Harpokration, done but not even almost.

About eight months ago we announced a lightweight tool to support collaborative translation of Harpokration–we called it ‘Harpokration On Line.’ Well, we took our time (Mack finished a dissertation, John made serious progress on his, Josh did his first 24+ hour bike ride), and as of a couple days ago there is at least one rough translation (in some cases more than one) for every entry.

We had help from others. Chris de Lisle invested considerable effort, for which all should be grateful! And our colleague Matthew Farmer (U Missouri) signed on at the very moment when our to-do pile contained mainly entries that we had back-burnered, while we chewed through the easier ones! His timing (and efforts) couldn’t have been better!

So, we are done, but far from done. Now begins the process of correcting errors and infelicities, of which there will be many; adding new features to the tool (e.g. commentary, easy linking out to related digital resources such as Jacoby Online or Pleiades, enhanced encoding in the Greek and features built atop that, perhaps eventual reconciliation of text with Keaney as warranted). This is just a start really.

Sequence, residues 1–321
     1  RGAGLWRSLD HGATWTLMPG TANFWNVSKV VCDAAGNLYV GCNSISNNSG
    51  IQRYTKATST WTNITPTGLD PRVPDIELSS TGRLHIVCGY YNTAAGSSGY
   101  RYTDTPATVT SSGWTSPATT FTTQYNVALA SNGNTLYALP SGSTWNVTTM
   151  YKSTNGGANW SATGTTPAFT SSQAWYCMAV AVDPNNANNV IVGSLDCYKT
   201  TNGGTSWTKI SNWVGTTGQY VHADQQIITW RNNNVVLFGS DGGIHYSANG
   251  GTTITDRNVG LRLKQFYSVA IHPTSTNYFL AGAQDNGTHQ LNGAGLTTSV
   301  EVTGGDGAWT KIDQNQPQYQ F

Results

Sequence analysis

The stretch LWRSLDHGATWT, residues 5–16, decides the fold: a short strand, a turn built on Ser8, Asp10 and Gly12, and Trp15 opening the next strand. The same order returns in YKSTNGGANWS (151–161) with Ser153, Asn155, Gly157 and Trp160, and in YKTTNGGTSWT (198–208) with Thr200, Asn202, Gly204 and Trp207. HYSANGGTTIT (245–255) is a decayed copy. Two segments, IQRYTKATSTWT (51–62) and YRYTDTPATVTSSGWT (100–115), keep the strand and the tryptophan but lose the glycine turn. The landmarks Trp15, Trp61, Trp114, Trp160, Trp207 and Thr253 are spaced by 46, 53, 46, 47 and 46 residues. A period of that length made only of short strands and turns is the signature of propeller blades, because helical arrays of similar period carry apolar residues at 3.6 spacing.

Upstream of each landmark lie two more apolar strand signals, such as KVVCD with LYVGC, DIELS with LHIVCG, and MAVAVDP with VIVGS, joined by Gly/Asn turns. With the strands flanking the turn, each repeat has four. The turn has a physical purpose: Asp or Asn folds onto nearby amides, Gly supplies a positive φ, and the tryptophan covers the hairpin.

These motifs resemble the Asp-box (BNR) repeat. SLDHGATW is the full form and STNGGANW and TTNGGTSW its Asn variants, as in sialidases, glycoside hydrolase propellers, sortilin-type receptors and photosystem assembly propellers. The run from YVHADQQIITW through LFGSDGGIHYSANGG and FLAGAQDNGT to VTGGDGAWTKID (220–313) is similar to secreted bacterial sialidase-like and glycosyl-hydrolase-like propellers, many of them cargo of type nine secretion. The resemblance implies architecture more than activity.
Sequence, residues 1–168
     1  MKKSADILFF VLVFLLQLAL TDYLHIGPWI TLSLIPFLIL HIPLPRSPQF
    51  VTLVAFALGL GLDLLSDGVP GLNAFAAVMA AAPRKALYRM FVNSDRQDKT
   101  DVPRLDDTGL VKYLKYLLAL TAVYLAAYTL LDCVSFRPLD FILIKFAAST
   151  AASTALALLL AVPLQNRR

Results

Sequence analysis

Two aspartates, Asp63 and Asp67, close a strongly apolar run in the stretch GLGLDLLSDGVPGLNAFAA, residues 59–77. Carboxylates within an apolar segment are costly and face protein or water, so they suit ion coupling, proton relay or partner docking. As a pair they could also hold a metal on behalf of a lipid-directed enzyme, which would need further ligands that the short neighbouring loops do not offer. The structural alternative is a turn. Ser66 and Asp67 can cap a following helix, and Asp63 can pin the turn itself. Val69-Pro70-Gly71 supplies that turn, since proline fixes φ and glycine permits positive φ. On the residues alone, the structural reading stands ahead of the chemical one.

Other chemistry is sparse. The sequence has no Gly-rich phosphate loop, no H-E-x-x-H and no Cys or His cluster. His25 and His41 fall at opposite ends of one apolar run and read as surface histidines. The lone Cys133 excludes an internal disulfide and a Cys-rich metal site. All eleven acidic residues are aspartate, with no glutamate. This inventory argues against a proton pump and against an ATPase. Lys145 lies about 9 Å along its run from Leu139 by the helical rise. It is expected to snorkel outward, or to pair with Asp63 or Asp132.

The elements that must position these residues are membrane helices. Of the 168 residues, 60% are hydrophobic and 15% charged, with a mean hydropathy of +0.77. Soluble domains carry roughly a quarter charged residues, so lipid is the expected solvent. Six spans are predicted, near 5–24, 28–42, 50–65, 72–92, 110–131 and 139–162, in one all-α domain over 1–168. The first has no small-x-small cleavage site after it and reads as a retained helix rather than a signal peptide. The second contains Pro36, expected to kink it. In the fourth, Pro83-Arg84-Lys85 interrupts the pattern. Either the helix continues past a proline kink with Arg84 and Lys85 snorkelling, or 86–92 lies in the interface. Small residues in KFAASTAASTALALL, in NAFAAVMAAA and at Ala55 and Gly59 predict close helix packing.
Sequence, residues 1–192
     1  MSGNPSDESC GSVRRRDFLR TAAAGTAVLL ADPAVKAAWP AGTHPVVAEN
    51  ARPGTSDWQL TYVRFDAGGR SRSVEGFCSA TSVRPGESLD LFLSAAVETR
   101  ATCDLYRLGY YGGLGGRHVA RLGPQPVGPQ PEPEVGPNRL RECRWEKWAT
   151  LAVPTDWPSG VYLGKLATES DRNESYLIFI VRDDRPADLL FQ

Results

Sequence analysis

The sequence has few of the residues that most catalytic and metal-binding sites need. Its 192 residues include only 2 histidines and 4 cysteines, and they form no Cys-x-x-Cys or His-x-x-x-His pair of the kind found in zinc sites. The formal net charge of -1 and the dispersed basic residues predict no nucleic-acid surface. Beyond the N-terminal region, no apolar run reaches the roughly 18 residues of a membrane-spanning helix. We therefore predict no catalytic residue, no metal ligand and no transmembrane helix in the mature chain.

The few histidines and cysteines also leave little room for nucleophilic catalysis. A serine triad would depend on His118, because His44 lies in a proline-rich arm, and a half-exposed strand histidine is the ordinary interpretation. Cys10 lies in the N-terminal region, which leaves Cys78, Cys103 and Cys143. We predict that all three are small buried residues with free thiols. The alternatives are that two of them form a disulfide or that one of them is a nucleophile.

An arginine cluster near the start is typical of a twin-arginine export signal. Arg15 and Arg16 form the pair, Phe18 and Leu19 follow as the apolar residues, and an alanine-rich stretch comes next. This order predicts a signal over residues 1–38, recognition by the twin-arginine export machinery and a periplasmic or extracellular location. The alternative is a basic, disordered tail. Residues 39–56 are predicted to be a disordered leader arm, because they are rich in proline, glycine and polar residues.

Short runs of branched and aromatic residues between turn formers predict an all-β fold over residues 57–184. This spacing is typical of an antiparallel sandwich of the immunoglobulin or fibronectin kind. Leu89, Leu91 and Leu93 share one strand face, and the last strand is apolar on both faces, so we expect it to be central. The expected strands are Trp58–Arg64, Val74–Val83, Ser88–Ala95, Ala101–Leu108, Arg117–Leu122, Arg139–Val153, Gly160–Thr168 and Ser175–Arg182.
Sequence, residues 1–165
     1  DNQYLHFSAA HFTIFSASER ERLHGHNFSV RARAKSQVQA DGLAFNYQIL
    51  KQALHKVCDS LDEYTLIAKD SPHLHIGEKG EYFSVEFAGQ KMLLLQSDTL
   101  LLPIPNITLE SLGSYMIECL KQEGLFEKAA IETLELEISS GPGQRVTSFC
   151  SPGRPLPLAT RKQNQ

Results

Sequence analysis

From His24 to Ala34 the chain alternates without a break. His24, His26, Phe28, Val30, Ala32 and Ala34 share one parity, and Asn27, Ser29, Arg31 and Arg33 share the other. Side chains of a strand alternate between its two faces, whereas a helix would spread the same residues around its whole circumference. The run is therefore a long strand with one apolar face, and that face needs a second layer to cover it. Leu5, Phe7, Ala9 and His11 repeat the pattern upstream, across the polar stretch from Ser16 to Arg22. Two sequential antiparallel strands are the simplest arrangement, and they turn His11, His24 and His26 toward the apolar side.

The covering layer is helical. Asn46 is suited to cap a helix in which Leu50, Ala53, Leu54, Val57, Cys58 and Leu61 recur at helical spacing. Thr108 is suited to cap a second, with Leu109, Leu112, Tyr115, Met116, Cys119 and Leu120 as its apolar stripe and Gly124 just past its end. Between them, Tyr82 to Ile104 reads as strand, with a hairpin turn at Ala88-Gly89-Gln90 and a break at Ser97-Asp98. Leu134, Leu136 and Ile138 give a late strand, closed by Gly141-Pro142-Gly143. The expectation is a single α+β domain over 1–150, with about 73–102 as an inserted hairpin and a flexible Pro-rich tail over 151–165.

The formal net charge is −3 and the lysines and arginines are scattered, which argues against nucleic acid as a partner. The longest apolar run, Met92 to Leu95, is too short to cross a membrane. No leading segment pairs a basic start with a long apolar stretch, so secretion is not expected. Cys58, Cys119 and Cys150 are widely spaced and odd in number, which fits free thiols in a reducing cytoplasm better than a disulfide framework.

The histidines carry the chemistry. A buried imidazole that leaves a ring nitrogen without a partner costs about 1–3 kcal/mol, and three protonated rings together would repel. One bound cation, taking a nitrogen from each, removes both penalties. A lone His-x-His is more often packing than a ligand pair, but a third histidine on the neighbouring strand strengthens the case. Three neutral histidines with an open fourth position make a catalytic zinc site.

For next year we plan a course at Duke in which the students will (1) start translating their way through Photios’ Lexicon in similar fashion and (2) help design and implement expanded features for the translation tool. We will welcome collaborators on that effort as well!

So, here again, please feel free log in, fix, add, correct, disagree and so on (see instructions). Please note that we do handle login via google; so, if that is a deal-breaker for you, we apologize. We have a rough workaround for that and would be happy to test it out with a few folks, if any should wish. Happy harping.

a collection of parts flying in loose formation